Seemingly a part of the second coming of garage rock that’s being spearheaded by the likes of Ty Segall, King Tuff has released his third studio album, Black Moon Spell, and it doesn’t show any signs of deviation from what you would come to expect from this outfit. Overall the record is much the same as his previous releases – distorted, quick-paced, scrappy – but that’s not necessarily a problem here.

A late comer to the simplicity and nonchalant nature of garage rock music, I’ve probably become its biggest fan and follower among my circles, but if there were one artist I would choose to demonstrate this style to others it would be King Tuff. Quite simply, he strikes me as the crossover band for this, a style of music which is, at its core, simple and fun – you could pick pretty much any half-known group and their songs won’t be any more complicated than three or four chords and/or progressions, it’s that accessible. Where King Tuff differentiates is the production of their sound; while the vast majority of garage rock will be drenched in distortion, they come across as at least being in control of it. The resulting sound is somewhere between power pop and glam rock that still keeps the aggression of punk in mind.

The album itself, you’ll get through pretty quickly as each song is only 2-3 mins long a time, something that I find lends itself to this genre given the explosive bursts and energy that you can find within it. There are some standout songs, Headbanger being one of my picks, but for the most part this album is comprised of songs that won’t really set themselves apart – while I did enjoy the record, overall it doesn’t really deliver anything you haven’t seen or heard before. Granted, the production and energy of King Tuff is ever-present and it’s worth crediting them for that as too many bands seem to think that being barely audible or understandable means you’re a good garage band, whereas these three guys obviously put a bit more thought into their sound.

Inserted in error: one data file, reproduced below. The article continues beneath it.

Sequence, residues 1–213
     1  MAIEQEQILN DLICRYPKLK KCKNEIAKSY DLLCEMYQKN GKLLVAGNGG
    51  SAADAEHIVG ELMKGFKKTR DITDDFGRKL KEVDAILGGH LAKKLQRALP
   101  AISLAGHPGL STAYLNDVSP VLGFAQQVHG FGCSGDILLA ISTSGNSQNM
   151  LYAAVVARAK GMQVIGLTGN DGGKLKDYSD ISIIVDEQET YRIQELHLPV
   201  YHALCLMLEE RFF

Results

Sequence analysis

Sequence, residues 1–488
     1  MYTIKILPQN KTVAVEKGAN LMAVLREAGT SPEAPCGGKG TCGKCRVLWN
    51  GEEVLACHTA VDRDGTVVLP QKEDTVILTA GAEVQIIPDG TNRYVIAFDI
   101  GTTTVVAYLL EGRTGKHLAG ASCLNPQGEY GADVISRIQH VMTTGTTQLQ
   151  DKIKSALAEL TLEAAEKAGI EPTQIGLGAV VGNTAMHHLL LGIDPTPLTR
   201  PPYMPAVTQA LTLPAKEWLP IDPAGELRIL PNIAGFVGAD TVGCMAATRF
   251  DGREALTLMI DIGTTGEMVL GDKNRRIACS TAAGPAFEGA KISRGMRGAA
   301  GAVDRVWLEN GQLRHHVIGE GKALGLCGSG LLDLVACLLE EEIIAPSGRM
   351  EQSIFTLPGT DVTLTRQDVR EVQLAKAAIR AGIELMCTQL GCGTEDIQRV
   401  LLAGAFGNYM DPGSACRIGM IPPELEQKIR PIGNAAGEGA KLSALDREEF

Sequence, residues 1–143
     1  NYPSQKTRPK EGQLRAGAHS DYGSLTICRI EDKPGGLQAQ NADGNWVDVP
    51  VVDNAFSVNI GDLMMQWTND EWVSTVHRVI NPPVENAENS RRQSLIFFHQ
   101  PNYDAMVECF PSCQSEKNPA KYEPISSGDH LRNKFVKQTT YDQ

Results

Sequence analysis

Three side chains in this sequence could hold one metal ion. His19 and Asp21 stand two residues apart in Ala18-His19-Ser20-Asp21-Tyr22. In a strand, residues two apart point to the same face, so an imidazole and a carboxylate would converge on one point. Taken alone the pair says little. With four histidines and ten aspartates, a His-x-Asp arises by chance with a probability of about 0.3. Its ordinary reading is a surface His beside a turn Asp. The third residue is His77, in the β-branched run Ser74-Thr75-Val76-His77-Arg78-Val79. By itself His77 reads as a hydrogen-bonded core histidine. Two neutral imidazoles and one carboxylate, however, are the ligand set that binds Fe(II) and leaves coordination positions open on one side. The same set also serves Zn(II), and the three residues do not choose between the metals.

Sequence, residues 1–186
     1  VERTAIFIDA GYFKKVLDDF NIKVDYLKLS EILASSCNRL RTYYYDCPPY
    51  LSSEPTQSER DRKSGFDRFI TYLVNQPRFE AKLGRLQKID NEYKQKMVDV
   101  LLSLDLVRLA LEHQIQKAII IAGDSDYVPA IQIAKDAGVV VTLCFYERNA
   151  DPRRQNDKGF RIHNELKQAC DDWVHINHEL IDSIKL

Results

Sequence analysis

Would I recommend this album to anyone? Honestly, probably not. It just doesn’t really spark in the way that it could, there’s some combustible element missing from this record. You look at others in this genre and there’s an unpredictability about what you’re listening to which doesn’t surface in Black Moon Spell. That’s not to say it’s a bad album, it’s just not very engaging.

As much as I do like this style of music, there can be times when you feel like you’re in something of a garage rut – too much of it can leave you thinking it all just sounds the same, and you miss out on what makes this genre great. Technically speaking, it’s not the most challenging, a fair thing to say I think, but what it lacks in the way of composition in comparison to other genres, it makes up for in unbridled passion.

A musical movement that has been forever associated with the disparaged youth, the peripherals of contemporary culture, its strength lies in its oddness. The very thing that puts people off it is what I love about garage rock; it’s faceless, without judgement or inclination. It is spontaneous, emotive, unfiltered.

Perhaps in being one of the more accessible groups of this genre, the sounds of King Tuff won’t ever be as impactful as those who are happy to lose themselves in volume and distortion, but they will forever be one to keep an eye on.